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Writing the perfect paper is a lot like a military operation. It takes discipline, foresight, research, strategy, and, if done right, ends in total victory. It follows then that the best advice for writing a paper -- be it a high school essay, a college research paper, or even an office memo at a Fortune 500 company -- would come from the tactics of a brilliant military commander.
I discovered these tactics myself as a student, reading in awe of the mastery of ancient military masters and put them to good use. I could then -- and still can, when necessary -- bust out a ten or even twenty page paper with a few days notice. I've developed a worry-free formula for your academic paper or essay (called the Spartan System) that has been so successful that it was printed out and taught as a curriculum by almost every English teacher I've had. Naturally, I was hesitant to teach my secrets to more than a few friends but after I left school and published the formula online in 2007, the formula went viral across the web. It's since been used in classrooms across the country by many satisfied strangers. I've gotten countless emails from adherents -- and these emails are always the same: your system got me an A. In my own life, I applied the tactics to my writing and knocked out a 70,000+ word book in 90 days... which I sold for a cool six-figures.
What Was My Secret?
In my reading of Greek history, I stumbled across an obscure military maneuver, one designed for troops penetrating deep in enemy lines. It seemed to be used by the greatest of generals from the Spartan Brasidas to the Athenian Xenophon (an actual student of Socrates). I thought, if this one trick can protect a ten thousand man march through country after country of hostile territory, it can probably work for a silly school paper.
Their tactic was this: to successfully march or retreat, the general brings his troops together in an outward facing square with their supplies and wounded in the middle and the strongest troops at the front and back. As they moved away from unfavorable ground, the men would defend their side, stepping out only slightly to meet their attackers and then retreating immediately back to the safety of the shape. And thus they were completely impenetrable, able to travel fluidly and slowly demoralize the attacking army. As Xenophon wrote, the idea was that having prepared hollow square in advance, so that "we should not have to plan [everything defense related] when the enemy is approaching but could immediately make use of those who have been specially detailed for the job."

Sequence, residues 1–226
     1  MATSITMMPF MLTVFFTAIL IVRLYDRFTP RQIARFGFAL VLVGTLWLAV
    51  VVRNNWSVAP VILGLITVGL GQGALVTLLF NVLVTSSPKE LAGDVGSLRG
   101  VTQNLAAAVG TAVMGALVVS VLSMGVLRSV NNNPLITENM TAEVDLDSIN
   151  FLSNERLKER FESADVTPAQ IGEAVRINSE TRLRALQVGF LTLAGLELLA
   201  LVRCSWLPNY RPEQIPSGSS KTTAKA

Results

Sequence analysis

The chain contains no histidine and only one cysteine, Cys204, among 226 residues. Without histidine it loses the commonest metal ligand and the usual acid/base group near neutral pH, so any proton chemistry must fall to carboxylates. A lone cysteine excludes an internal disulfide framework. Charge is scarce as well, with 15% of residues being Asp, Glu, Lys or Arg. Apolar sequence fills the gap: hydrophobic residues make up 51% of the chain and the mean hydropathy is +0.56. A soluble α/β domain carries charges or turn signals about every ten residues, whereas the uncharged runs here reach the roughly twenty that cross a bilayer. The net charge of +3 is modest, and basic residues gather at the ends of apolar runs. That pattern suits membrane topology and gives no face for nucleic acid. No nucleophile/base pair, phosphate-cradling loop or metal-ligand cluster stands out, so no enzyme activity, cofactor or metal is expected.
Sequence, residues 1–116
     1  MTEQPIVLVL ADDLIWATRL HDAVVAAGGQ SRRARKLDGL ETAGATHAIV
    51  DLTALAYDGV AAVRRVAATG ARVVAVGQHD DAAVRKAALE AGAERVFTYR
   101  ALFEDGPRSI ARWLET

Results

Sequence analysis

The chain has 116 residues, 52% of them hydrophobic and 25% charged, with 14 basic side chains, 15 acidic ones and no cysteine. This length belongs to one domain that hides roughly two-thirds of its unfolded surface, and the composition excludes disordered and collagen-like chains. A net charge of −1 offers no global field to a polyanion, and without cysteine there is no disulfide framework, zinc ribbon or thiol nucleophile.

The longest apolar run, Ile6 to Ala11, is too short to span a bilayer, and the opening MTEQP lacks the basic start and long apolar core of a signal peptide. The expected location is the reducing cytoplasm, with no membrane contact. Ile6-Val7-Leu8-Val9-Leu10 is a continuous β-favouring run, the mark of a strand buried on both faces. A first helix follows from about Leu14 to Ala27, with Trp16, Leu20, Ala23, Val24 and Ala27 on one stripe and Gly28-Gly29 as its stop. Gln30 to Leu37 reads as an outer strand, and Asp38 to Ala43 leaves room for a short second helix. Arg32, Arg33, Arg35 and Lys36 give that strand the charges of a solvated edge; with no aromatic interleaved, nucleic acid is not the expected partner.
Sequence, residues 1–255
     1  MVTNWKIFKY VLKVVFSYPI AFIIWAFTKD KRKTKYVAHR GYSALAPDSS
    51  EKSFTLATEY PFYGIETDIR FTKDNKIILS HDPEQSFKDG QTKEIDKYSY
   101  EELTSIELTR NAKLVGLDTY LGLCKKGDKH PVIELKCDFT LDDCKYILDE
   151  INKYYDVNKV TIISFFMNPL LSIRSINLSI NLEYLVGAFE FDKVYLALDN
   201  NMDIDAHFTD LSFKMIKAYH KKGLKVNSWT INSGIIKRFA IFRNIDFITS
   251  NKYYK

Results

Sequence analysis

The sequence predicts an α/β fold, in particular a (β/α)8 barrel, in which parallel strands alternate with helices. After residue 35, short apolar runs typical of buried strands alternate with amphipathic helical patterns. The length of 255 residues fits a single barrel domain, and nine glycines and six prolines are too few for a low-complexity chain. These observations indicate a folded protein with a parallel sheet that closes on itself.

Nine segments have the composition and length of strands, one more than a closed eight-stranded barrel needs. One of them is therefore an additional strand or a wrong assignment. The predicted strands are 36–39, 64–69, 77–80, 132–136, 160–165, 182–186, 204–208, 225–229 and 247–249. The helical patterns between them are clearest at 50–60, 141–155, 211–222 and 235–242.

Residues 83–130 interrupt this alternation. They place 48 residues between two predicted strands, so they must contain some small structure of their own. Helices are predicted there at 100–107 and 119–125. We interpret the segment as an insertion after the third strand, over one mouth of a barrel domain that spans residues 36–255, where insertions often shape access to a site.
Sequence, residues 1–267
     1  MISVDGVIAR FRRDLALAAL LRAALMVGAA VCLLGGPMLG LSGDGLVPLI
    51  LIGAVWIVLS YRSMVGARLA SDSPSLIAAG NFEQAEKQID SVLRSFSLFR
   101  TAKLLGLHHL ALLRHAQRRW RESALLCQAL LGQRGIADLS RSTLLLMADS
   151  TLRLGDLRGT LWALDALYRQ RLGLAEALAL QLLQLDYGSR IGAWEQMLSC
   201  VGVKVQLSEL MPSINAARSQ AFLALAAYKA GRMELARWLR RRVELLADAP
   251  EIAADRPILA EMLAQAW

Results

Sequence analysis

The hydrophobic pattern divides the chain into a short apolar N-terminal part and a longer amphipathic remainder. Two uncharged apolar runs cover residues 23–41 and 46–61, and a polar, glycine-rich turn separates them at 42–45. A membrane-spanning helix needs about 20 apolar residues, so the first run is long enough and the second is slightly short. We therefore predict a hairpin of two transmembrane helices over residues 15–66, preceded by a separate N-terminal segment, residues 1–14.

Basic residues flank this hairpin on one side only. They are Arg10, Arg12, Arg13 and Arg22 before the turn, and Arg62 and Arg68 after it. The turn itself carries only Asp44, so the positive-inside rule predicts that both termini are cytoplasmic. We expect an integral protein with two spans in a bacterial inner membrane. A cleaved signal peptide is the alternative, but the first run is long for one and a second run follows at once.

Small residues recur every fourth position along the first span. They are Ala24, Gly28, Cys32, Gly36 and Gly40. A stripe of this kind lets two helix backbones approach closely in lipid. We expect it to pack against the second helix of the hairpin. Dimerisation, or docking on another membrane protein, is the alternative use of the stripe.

My essay format works the same. Consider your introduction as the creator of the shape, and then the following paragraphs making up each side. They venture outwards when called to but never abandon the safety of the formation entirely. It is a process of constant realignment, maintaining the square at all cost. In terms of "writing" you need only to create a handful of original sentences for the entire essay: a thesis, a theme, a mini-thesis which begins each paragraph and a conclusionary sentence that says what it all means. Everything else is a variation of these four sentences in some way. Together they create the square, and the serves as the point of return -- much like Chuck Palahniuk concept of "chorus lines (see in books like Fight Club, where whenever the plot gets off track he immediately comes back to one -- "I am Jack's sense of rejection.") And so the reader always protected and the troops defend your point.
Forget your teacher's boring prompt. Forget "Commentary/Concrete Detail/Commentary/Concrete Detail" and all that nonsense. Let's do real work, real writing.
Here is the outline for a hypothetical five paragraph paper:
Introduction: (see a complete intro example here)
Begin with a broad, conclusive hook. This will be the meta-theme of the paper. Example from a paper on The Great...
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